US House Passes Bill To Ensure Nationwide Birth Control Right
The legislation, which spells out the right to purchase and use contraceptive devices, as well as for healthcare professionals to prescribe them.
The US House of Representatives on Thursday passed a bill ensuring access to birth control nationwide, a month after the Supreme Court struck down federal abortion rights.
The legislation, which spells out the right to purchase and use contraceptive devices, as well as for healthcare professionals to prescribe them, was supported by all the chamber's Democratic lawmakers plus eight Republicans, with 195 of their colleagues voting against it.
However, the measure was likely to stall in the Senate, divided 50-50, where at least 60 votes are needed for most legislation to pass.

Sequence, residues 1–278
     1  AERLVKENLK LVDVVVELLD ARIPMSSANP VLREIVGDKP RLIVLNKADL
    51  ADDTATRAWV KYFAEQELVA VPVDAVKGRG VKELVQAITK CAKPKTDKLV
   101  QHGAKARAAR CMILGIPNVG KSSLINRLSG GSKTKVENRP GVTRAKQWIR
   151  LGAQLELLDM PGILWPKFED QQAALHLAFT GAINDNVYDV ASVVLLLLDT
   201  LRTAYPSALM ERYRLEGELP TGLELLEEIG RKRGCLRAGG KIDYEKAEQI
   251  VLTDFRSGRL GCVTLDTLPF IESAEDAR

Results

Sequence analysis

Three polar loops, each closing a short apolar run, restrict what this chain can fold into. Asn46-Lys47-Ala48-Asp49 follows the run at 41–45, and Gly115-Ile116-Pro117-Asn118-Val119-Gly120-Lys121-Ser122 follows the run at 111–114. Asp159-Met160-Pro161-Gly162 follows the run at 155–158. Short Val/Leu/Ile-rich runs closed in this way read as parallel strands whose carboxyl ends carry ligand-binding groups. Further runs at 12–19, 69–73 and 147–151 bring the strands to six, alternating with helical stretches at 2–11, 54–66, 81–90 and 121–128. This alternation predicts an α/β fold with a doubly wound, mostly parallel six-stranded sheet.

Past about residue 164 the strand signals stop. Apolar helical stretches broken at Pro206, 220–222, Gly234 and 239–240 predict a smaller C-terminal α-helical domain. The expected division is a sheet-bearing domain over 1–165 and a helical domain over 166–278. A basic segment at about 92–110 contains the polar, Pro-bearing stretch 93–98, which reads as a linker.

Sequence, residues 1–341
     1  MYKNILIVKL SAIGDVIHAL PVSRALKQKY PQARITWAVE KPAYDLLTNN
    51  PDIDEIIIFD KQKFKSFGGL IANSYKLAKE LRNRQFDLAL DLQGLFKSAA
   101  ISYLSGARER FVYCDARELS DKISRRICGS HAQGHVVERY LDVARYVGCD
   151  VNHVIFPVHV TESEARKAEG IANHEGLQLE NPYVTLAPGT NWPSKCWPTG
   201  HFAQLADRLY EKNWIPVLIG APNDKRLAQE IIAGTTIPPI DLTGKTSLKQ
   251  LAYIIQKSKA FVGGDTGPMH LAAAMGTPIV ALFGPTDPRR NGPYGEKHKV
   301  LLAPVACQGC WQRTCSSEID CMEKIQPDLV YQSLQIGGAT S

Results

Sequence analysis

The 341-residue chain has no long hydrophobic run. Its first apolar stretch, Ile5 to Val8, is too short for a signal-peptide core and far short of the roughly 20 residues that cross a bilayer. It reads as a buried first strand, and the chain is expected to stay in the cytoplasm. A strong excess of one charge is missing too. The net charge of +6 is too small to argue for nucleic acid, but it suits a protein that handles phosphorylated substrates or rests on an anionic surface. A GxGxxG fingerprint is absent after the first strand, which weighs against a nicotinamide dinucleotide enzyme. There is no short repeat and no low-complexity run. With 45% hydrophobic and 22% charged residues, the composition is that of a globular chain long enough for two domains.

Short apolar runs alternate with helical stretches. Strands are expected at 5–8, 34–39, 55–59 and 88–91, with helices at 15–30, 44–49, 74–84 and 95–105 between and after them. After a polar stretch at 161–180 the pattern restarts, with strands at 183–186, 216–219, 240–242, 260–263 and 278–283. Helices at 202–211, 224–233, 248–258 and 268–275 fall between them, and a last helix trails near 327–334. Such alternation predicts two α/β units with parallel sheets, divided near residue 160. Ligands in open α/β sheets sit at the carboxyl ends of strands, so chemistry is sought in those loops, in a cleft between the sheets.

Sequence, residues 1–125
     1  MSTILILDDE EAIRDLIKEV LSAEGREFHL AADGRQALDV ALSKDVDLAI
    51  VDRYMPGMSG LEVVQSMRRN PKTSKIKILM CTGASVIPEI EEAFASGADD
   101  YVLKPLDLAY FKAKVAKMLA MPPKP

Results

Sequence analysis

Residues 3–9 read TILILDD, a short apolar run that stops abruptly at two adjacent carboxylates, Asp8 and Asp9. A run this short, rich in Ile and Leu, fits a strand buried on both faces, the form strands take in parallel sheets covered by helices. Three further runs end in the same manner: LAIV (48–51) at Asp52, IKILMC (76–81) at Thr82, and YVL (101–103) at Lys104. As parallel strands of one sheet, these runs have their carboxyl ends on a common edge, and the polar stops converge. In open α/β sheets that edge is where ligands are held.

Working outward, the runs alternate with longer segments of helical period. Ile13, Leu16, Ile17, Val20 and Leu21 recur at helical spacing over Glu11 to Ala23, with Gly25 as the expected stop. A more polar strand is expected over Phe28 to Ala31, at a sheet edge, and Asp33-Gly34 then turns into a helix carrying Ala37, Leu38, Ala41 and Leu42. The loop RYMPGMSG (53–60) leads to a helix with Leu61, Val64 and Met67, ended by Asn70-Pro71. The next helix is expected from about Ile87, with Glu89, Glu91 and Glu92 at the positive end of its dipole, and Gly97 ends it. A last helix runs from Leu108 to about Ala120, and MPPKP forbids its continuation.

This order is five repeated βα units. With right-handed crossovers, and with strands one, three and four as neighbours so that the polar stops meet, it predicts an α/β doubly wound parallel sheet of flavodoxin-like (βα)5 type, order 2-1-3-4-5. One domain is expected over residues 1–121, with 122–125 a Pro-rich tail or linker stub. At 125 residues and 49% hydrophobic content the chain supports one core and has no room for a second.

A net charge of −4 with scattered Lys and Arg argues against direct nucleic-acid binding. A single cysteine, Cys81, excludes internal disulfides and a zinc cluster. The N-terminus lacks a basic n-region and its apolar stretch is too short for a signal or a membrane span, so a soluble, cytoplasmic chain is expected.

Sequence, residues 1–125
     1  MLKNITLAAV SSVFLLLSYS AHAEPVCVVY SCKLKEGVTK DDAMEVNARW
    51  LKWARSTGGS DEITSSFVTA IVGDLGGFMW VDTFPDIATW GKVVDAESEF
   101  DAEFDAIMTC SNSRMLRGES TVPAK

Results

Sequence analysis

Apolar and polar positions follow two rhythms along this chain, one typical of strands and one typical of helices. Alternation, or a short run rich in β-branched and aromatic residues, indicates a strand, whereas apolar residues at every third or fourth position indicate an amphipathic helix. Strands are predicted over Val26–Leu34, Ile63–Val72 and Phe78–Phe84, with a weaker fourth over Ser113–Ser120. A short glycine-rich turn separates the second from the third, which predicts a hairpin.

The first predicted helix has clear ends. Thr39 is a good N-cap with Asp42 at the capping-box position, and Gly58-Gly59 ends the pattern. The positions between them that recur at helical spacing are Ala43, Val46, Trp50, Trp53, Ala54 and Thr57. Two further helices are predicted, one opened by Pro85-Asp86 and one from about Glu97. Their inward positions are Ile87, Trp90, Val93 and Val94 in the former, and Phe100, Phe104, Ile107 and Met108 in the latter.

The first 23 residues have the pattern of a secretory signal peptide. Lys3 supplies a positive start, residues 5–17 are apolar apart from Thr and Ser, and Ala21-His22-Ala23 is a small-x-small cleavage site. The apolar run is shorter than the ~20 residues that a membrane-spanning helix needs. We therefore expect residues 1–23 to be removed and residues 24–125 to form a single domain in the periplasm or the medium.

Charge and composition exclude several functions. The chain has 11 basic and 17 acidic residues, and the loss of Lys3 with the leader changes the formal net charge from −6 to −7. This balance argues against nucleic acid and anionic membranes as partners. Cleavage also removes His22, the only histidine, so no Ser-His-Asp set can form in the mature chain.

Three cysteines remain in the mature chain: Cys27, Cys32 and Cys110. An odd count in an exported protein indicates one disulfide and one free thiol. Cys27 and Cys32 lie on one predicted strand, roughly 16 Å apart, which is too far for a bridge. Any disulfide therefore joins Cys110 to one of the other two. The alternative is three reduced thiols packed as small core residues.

The bill was introduced shortly after the conservative-dominated Supreme Court erased nearly 50 years of abortion rights by overturning the landmark 1973 Roe v. Wade ruling on June 24.
The decision prompted fears that the high court would then go after other progressive gains, such as the right to contraception after Chief Justice Clarence Thomas signaled in a written opinion that the court should apply the same logic "in future cases."
Even if the view does not seem to be shared by a majority of Supreme Court justices, the possibility has been met with anxiety among Democrats and women's rights activists.
Gearing up for crucial midterm elections in November, the Democratic-led House passed two bills last week guaranteeing the right to abortion and same-sex marriage. But both are unlikely to pass the Senate.